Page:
As for that “National” London to Brighton Relay, he had run well enough on the first leg in the “Southern” event the previous Autumn, bringing the Club to the first changeover in 3rd spot, but now he was promoted to 9th stage to face the “big guns”. His 28 mins. 56 secs. was third fastest of the day as he reduced the club record by half a minute and had the beating of internationals Gordon Pirie (South London H) and Bruce Tulloh (Portsmouth AC). It was regarded as his finest ever Club race.
Above. Ranjit Bhatia takes the tape for another fine win in a 3 miles race.
Of course, 1960 was also Olympic year. Ranjit hadn’t really thought about trying to gain Olympic selection, but at the end of April, on two successive days, he astounded his friends and rivals alike by running 4:08.7 to set a Club Record for the mile and then 13:57.6 to narrowly miss the 3 miles record. The Universities Athletic Union 3 miles title fell to him in a new Championship best of 13:56 at Nottingham. He then ran 13:57 in the Inter-Counties Championships and was runner-up in the Kinnaird Trophy. In the form of his life, Ranjit ran 14:12 or under on thirteen consecutive occasions during the next few months, sometimes racing twice a week.
As the fastest Asian runner over one mile, a place on India’s team for the Rome Olympics became a possibility. Initial enquiries resulted in the news that the team had already been selected but Belgrave’s half-miler Bob Taylor had the idea of approaching another Belgravian, Les Cohen, who wielded considerable influence in the higher echelons of athletics; perhaps he could offer some advice. Les got in touch with the Indian Olympic Committee, and not only was Ranjit soon notified that he had been selected for the 5,000 metres, he was told that there was a spare spot in the 10,000 metres as well. The Club 6 miles Championship was coming up and Ranjit decided to have a crack at it to see how he would go. Charlie Dabbs, Malcolm Robinson and Ranjit agreed to share the pace on the Battersea cinders and the result was that for 1960 the name of R. Bhatia would be engraved on the Tom Carter Trophy, time 29:50.4 – a Championship Record. Ranjit’s main concern after the race seemed to be to apologise to his colleagues for not running fast enough during his stints at the front.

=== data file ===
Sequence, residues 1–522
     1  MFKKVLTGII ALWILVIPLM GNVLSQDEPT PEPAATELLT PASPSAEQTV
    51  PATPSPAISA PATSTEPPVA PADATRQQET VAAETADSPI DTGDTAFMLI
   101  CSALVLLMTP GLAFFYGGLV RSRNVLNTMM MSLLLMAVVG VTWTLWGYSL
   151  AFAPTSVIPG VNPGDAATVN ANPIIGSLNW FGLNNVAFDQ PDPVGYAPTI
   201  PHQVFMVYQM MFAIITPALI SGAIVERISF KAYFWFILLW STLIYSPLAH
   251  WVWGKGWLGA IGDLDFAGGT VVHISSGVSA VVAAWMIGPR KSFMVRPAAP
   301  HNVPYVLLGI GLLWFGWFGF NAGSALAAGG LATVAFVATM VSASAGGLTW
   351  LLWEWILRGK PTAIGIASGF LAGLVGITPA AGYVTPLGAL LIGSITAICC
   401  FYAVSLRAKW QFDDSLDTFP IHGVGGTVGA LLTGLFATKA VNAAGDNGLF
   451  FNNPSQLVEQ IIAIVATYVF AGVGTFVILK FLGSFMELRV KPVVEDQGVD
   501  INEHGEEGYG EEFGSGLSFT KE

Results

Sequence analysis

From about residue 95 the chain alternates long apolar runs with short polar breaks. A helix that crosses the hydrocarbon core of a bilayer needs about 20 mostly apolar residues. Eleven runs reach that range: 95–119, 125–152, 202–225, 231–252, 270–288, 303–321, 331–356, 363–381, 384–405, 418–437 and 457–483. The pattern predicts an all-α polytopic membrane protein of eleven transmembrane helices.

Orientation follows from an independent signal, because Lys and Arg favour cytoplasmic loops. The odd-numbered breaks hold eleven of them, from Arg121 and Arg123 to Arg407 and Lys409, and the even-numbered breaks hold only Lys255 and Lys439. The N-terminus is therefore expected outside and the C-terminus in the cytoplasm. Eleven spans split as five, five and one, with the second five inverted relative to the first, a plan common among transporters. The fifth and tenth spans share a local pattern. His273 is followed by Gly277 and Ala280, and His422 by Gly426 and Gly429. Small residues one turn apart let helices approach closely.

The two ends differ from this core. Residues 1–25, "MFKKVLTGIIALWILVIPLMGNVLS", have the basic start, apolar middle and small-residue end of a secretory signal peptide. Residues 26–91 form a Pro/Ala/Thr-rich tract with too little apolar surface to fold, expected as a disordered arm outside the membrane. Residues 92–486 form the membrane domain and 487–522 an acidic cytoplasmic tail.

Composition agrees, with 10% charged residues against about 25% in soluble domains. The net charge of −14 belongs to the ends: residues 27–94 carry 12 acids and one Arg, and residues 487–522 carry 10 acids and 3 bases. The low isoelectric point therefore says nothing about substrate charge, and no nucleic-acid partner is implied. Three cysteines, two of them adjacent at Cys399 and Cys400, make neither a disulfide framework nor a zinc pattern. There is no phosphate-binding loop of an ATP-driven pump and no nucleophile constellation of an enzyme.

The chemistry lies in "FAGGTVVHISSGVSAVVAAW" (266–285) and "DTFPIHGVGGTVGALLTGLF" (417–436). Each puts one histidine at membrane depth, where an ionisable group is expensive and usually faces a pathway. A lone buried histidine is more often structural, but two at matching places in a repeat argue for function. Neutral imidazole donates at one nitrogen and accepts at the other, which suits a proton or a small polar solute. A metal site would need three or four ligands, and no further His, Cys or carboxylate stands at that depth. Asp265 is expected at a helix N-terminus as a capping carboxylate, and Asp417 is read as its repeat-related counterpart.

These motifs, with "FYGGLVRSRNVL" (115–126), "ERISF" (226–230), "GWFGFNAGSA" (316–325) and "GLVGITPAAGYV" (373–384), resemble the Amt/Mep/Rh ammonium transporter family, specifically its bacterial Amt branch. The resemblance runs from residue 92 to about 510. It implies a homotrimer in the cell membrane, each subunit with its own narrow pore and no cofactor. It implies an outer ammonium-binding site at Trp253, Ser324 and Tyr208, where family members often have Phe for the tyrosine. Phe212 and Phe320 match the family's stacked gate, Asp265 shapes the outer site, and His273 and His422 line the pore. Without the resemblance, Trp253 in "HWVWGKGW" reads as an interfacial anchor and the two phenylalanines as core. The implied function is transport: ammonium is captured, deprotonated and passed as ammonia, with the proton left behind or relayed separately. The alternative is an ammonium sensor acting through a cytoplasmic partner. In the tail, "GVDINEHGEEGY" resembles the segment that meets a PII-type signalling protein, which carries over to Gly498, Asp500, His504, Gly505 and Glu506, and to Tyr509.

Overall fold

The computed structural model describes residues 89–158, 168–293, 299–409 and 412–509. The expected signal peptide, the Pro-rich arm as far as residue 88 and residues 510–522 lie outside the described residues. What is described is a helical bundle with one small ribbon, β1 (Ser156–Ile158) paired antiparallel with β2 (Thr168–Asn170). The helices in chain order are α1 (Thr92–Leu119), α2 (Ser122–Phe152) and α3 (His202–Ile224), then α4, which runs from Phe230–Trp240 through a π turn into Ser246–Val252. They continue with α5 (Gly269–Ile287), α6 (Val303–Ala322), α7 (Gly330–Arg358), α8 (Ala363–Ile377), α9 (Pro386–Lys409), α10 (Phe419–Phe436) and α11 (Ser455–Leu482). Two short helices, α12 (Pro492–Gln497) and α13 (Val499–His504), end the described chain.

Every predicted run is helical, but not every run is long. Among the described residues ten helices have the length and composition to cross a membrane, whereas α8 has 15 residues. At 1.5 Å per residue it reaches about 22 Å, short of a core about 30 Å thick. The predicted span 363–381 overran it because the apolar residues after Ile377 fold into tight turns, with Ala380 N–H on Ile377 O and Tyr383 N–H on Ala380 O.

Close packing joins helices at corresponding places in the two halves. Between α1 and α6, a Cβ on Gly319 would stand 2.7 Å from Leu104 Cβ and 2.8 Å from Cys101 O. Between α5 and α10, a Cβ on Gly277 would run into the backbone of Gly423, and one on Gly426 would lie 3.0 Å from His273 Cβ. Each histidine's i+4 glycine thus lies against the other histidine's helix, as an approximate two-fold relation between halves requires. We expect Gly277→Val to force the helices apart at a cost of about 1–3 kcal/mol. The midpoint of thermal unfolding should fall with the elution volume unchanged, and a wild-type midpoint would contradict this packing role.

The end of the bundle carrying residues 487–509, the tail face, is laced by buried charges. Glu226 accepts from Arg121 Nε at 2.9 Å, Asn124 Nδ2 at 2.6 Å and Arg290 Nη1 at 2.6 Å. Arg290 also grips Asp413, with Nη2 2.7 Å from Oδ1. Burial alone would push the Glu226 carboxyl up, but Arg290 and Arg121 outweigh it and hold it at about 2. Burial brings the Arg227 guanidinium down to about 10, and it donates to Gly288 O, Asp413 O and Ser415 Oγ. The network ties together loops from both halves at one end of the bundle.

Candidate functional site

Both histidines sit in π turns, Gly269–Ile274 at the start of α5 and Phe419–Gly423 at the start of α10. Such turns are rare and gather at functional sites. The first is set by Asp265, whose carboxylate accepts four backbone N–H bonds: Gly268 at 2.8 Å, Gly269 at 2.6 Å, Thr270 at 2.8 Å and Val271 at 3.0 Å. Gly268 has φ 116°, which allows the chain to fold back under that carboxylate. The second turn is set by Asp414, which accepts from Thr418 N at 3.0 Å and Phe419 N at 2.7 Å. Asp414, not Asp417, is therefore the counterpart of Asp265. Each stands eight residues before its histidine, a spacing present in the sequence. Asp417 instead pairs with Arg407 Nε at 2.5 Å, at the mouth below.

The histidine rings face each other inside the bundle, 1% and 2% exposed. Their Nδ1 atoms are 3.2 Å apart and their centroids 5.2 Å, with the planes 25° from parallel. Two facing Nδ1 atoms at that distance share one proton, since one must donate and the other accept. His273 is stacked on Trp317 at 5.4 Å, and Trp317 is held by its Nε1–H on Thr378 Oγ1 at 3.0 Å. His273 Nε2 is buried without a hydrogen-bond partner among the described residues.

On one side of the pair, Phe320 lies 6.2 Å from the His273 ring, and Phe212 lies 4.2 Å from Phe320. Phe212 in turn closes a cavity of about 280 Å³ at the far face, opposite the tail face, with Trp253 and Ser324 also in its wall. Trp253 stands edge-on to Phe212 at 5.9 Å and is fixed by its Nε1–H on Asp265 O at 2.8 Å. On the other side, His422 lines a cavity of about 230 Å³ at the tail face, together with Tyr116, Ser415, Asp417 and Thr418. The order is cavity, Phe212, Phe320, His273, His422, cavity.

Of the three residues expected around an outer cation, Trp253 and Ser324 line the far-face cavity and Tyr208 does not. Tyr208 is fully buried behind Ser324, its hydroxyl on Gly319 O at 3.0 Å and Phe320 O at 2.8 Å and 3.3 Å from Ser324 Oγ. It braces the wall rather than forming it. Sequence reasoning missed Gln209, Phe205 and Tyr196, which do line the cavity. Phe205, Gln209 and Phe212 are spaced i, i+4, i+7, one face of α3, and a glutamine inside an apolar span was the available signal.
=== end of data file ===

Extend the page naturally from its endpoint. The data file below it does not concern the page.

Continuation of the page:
Unfortunately, along with all of the distance runners from the British Isles, Ranjit’s races in Rome were not what had been hoped for; the extreme humidity was often cited for the below par performances. He placed 11th in the second heat of the 5,000 metres, just outside 15 minutes, and didn’t take up his 10,000 metres slot, opting instead for the marathon where he placed 60th in 2 hrs. 57 mins. 6 secs. That marathon was a pivotal event for distance running as the barefooted Abebe Bikila became the first African to break an athletics World Record and the first sub-Saharan African Olympic gold medallist.